Bathrooms Work
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This page covers remodeling work on both of our bathrooms.

Guest Bathroom

The guest bath had been lightly remodeled at some point before we bought the house: new trim, wallpaper below the beltline trim, a basic Home Depot vanity and medicine cabinet, and laminate flooring. Oh, and wood covers on all the electrical devices. It was all oak, and decent enough looking, even if it was vintage late 80's style.

We decided to install a skylight to bring more light into the bathroom. I looked at one of the "tube" designs, but I decided that I wanted a real skylight in this case. It will give us more light, give the ability too look up and see the sky, and add more volume to an otherwise tiny room. It also gives me the ability to move the fan so it was near the top of light well to better remove steam from the bathroom after a shower.

Since it was more than 10' above the floor, the skylight needed to be laminated glass, which added a bit to the cost, but not too much. I went with a 24" x 48" fixed (aka, non-opening) Velux skylight on the advice of my favorite contractor who was going to help me install it - Rich Natalie. He's never had one leak in decades of installing them, which is a great testimony to the quality of their products and to the quality of his installs. The unit I selected is specially sized to fit between roof trusses that are installed 24" on center like mine are. It fits like a glove and the drywall should install perfectly without any goofiness being needed. Nice!


Caitlin was up on the room helping us with the install of the actual skylight. It came out pretty good, despite a torrential downpour hitting just as we got it installed and before we got the shingles back in place. Thank goodness for the enormous tarp I had so we could cover the work area until it passed.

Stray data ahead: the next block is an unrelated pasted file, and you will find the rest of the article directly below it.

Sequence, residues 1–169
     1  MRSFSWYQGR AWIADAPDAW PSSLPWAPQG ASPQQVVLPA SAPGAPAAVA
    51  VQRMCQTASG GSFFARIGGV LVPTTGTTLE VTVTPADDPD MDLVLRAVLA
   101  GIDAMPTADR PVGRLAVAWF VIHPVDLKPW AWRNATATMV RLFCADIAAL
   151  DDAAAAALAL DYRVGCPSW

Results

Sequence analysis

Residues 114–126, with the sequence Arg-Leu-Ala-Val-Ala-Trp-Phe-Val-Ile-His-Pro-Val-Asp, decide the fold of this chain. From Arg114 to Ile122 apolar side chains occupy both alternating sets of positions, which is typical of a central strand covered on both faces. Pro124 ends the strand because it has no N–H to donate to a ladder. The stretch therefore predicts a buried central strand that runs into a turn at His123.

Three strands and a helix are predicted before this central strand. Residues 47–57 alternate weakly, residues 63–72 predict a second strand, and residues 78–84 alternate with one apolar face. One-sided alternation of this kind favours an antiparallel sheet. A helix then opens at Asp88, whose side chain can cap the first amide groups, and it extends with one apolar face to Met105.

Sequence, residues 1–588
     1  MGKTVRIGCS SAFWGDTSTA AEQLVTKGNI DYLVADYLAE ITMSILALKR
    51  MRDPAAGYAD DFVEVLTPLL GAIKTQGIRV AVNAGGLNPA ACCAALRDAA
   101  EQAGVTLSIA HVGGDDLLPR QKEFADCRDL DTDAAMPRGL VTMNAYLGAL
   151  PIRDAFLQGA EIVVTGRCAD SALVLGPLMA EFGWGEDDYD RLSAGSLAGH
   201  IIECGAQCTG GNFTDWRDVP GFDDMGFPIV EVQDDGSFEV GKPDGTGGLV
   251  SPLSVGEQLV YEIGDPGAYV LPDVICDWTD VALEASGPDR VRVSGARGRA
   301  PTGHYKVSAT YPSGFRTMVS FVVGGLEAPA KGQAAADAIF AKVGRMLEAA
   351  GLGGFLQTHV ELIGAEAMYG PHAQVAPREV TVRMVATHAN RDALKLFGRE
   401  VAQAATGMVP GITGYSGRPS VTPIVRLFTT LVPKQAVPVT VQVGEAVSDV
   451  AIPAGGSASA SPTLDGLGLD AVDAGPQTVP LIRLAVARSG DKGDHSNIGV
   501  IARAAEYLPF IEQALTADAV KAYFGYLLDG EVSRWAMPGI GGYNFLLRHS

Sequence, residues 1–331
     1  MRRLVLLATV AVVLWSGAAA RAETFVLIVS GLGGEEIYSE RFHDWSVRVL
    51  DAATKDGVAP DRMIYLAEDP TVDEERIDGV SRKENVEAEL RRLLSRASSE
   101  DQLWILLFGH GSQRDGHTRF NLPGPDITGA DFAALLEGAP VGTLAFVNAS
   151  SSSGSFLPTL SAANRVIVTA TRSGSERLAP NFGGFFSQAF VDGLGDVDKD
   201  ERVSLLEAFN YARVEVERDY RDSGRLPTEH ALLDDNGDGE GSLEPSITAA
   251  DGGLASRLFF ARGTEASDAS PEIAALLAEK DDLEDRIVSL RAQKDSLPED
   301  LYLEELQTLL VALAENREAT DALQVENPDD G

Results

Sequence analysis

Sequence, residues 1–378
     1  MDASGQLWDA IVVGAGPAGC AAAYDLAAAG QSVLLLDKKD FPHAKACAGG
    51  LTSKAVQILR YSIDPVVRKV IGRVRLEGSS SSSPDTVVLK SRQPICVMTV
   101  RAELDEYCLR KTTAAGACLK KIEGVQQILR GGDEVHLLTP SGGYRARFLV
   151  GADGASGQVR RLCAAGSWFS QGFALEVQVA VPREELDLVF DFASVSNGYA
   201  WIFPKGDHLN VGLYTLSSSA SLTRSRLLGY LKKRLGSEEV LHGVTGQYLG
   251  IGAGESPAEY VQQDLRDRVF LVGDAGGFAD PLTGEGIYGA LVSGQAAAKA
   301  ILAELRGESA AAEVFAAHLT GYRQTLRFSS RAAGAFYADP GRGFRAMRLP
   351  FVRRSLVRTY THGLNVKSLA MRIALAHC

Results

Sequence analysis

GuestBathroomSkylight01.jpg (908294 bytes) GuestBathroomSkylight02.jpg (1145714 bytes) GuestBathroomSkylight03.jpg (1512932 bytes)

The light well framing in the attic is done, but no pics of that yet.

Stuff left to do:

  •  Moving a wire we found that runs right through the light well
  •  Installing a new fan in the upper part of the light well
  •  Cutting the hole in the ceiling drywall to expose the light well
  •  Removing the old bathroom fan (it's going to be redundant, and it's in the middle of the light well any way)
  •  Installing drywall in the light well using "green board" (since it's a bathroom)
  •  Finishing the drywall in the light well
  •  Painting the drywall in the light well
  •  Insulating the light well (I'm going with spray foam)


Master Bathroom

When we bought the house, the master bathroom was original and untouched in any way, except for the addition of some very 80's wallpaper on most of it. It's got no mechanical ventilation, and we always knew it was going to be a gut job to re-do it. I want something much nicer for my bathroom than what I started with. Eventual plans include a slightly larger shower with a bench seat in it and a nice tile job for the entire bathroom, in addition to recessed lighting, new cabinetry, and good mechanical ventilation. I like to take long showers. I also plan to insulate the interior walls to cut down on sound transmission - the bathroom backs up onto the dining room, and it's not cool to be able to hear everything through the wall when you have guests over. It's still going to be a small footprint bathroom - the entire house is only 1475 square feet to start with, after all - so it's not going to be palatial by any means. When I get done, it will be nicely appointed and well done, and very usable - all for a reasonable budget since we're doing the work ourselves. That's exactly what we want.

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Page last updated 06/24/2012 10:16:27 PM